PBDTGetAPPLSync (Deprecated in Mac OS X v10.4)
PBDTGetCommentAsync (Deprecated in Mac OS X v10.4)
PBDTGetCommentSync (Deprecated in Mac OS X v10.4)
PBDTGetIconAsync (Deprecated in Mac OS X v10.4)
PBDTGetIconInfoAsync (Deprecated in Mac OS X v10.4)
PBDTGetIconInfoSync (Deprecated in Mac OS X v10.4)
PBDTGetIconSync (Deprecated in Mac OS X v10.4)

Reading, Writing, and Closing Files

FSReadFork
PBReadForkSync
PBReadForkAsync
FSWriteFork
PBWriteForkSync
PBWriteForkAsync
FSCloseFork
PBCloseForkSync
PBCloseForkAsync
FSClose (Deprecated in Mac OS X v10.4)
FSRead (Deprecated in Mac OS X v10.4)
FSWrite (Deprecated in Mac OS X v10.4)

Resolving File ID References

PBResolveFileIDRefSync
PBResolveFileIDRefAsync

Searching a Volume

PBCatSearchAsync (Deprecated in Mac OS X v10.4)
PBCatSearchSync (Deprecated in Mac OS X v10.4)

Searching a Volume Using a Catalog Iterator

FSCatalogSearch
PBCatalogSearchSync
PBCatalogSearchAsync

Unmounting Volumes

PBUnmountVol (Deprecated in Mac OS X v10.4)
UnmountVol (Deprecated in Mac OS X v10.4)

Updating Files

FSFlushFork
PBFlushForkSync
PBFlushForkAsync
PBFlushFileAsync (Deprecated in Mac OS X v10.4)
PBFlushFileSync (Deprecated in Mac OS X v10.4)

Updating Volumes

FlushVol
PBFlushVolSync
PBFlushVolAsync

Miscellaneous

DisposeFNSubscriptionUPP
DisposeFSVolumeEjectUPP
DisposeFSVolumeMountUPP
DisposeFSVolumeUnmountUPP
FNGetDirectoryForSubscription
FNNotify
FNNotifyAll
FNNotifyByPath
FNSubscribe
FNSubscribeByPath
FNUnsubscribe
FSCancelVolumeOperation
FSCopyDiskIDForVolume
FSCreateVolumeOperation
FSDisposeVolumeOperation
FSEjectVolumeAsync
FSEjectVolumeSync
FSGetAsyncEjectStatus
FSGetAsyncMountStatus
FSGetAsyncUnmountStatus
FSMountLocalVolumeAsync
FSMountLocalVolumeSync
FSMountServerVolumeAsync
FSMountServerVolumeSync
FSUnmountVolumeAsync
FSUnmountVolumeSync
InvokeFNSubscriptionUPP
InvokeFSVolumeEjectUPP
InvokeFSVolumeMountUPP
InvokeFSVolumeUnmountUPP
NewFNSubscriptionUPP
NewFSVolumeEjectUPP
NewFSVolumeMountUPP
NewFSVolumeUnmountUPP

Not Recommended

This section lists functions that are not recommended and you should no longer use.

PBGetForeignPrivsAsync (Deprecated in Mac OS X v10.4)
PBGetForeignPrivsSync (Deprecated in Mac OS X v10.4)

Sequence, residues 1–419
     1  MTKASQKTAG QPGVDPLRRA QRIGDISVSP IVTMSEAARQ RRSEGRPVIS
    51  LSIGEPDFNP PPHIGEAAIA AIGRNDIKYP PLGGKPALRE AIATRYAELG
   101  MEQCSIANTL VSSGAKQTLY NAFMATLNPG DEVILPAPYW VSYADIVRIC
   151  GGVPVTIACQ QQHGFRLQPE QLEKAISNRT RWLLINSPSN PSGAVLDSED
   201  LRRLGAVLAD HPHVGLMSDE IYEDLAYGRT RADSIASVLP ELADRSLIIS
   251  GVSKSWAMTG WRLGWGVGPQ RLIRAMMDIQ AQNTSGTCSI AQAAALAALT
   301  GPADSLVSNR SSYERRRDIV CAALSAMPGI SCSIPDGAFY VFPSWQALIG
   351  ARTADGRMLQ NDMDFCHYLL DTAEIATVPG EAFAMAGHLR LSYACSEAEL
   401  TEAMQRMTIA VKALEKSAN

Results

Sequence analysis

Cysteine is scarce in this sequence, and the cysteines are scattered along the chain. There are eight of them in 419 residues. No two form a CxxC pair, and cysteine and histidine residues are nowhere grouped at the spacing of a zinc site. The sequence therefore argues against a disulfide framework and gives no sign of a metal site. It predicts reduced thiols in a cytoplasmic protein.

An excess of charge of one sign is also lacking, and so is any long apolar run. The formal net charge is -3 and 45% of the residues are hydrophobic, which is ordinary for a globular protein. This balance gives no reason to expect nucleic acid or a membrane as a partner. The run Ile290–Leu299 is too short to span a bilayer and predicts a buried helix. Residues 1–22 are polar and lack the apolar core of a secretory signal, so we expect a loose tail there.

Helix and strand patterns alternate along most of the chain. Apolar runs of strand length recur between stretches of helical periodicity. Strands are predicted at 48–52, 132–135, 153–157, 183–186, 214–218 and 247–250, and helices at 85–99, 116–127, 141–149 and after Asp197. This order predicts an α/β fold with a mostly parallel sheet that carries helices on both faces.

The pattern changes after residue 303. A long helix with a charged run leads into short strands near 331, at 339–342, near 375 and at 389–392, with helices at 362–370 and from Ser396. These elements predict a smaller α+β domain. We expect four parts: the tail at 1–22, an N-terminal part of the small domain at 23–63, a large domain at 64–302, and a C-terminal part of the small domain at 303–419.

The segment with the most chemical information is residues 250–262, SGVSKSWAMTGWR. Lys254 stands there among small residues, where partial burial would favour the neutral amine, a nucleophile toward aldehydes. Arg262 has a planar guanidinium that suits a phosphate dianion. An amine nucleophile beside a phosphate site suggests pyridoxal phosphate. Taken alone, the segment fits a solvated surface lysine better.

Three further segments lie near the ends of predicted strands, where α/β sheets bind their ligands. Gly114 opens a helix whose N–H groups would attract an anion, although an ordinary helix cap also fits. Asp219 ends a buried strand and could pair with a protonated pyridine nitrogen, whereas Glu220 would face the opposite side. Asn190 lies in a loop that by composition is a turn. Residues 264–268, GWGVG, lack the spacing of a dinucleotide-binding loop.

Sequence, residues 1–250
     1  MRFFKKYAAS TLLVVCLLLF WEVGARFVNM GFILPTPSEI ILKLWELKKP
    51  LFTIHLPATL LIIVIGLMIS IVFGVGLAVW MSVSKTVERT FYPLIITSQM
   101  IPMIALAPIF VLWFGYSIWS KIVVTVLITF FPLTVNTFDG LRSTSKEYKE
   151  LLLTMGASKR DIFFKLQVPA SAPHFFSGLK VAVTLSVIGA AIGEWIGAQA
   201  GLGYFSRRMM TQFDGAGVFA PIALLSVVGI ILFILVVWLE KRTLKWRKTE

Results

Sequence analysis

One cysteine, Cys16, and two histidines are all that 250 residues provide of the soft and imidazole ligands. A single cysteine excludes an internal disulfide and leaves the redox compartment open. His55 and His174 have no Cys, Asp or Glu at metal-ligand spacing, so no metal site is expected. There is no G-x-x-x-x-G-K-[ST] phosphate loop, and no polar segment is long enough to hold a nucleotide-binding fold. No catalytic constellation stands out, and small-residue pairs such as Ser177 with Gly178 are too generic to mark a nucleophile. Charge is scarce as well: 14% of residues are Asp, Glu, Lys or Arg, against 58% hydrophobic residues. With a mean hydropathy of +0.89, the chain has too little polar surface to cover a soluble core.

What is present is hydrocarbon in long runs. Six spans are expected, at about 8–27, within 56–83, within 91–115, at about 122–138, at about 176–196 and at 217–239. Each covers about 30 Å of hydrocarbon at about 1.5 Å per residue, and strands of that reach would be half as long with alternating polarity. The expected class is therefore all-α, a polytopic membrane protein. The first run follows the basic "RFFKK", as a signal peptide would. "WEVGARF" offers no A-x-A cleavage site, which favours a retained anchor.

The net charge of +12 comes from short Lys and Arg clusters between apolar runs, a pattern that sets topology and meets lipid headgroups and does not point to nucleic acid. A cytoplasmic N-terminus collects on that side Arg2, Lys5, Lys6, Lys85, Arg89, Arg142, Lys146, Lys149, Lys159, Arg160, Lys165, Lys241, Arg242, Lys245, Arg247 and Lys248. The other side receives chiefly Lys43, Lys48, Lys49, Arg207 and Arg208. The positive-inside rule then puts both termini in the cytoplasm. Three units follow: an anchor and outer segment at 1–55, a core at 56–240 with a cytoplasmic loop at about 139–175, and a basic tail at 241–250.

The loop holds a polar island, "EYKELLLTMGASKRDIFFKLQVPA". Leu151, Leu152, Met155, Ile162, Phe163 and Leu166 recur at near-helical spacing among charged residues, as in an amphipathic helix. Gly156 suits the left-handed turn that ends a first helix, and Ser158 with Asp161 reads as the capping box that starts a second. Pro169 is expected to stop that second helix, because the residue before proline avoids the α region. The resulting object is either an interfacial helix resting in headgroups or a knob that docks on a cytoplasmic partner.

PBGetUGEntryAsync (Deprecated in Mac OS X v10.4)
PBGetUGEntrySync (Deprecated in Mac OS X v10.4)
PBGetXCatInfoAsync (Deprecated in Mac OS X v10.4)
PBGetXCatInfoSync (Deprecated in Mac OS X v10.4)
PBHGetLogInInfoSync (Deprecated in Mac OS X v10.4)
PBSetForeignPrivsAsync (Deprecated in Mac OS X v10.4)
PBSetForeignPrivsSync (Deprecated in Mac OS X v10.4)
PBShareAsync (Deprecated in Mac OS X v10.4)
PBShareSync (Deprecated in Mac OS X v10.4)
PBUnshareAsync (Deprecated in Mac OS X v10.4)
PBUnshareSync (Deprecated in Mac OS X v10.4)

This compared to the half dozen in Unix and the single SHFileOperation in Windows. It's no wonder things get as screwed up as they do. And yet this is only the beginning.

A casual look at the above API list demonstrates that the design of the file system itself is totally off the map. There are not only too many ways to do the same thing - there are also way too many things to be able to do.

A great number of these APIs are today deprecated but hundreds still remain. To what purpose?

It'd be bad enough if all these hundreds of APIs somehow devolved down into the same Unix APIs but that's not the case either. And to explain how that works one must first explain a bit more about how Apple's OS X itself works in general.

Once Upon a Time

A long time ago, somewhere back in the mid 1980s, a company called NeXT Computer formed in Redwood City California. The company produced computer hardware and computer software. The computer software included a graphical interface atop FreeBSD Unix. The graphical interface was called NeXTSTEP.

The relationship between NeXTSTEP and FreeBSD was simple: to the extent the former offered APIs into the file system these APIs were resolved in the FreeBSD layer. There was a single layer of interaction and the overall feel was 'simple - and elegant'.

There was no way to circumvent the FreeBSD file system API. There was no quilt.

As time went on NeXT Computer found it difficult to sell their computer hardware and so changed their name to NeXT Software and marketed their NeXTSTEP as OPENSTEP - a graphical layer running atop not only FreeBSD but SunOS, HP-UX, and even Windows.

When Apple teetered close to bankruptcy in 1996 and then Apple CEO Gil Amelio realised Apple engineers proved incapable of writing their own 32-bit operating system Amelio negotiated with NeXT Software to buy their OPENSTEP and their engineers. He paid $429 million.

Amelio's plan was to keep OPENSTEP as is - and to attempt to hold onto NeXT's growing corporate client portfolio. This proved difficult as most of NeXT's corporate clients shunned Apple. But Amelio still wanted to market OPENSTEP as before - and use NeXT's hardware engineers to build system agnostic computers for all possible operating systems.

Amelio's plans were dashed on the 4 July weekend 1997 when former NeXT CEO Steve Jobs pulled off a coup against Amelio. He dumped all his stock on NASDAQ, then declared before the Apple board he had no confidence in Amelio, then offered to assume CEO leadership of Apple for $1 per annum.

The Apple board accepted.

Hodgepodge

Steve Jobs always talked about 'the whole banana' and found it impossible - or at least uncomfortable - to work with 'open systems'. At the same time Apple's legacy third party developers had waited a long time for the 32-bit transition and had presumed they'd be able to use the same APIs as before.

[But looking at the above API list you wonder why they'd want to. Ed.]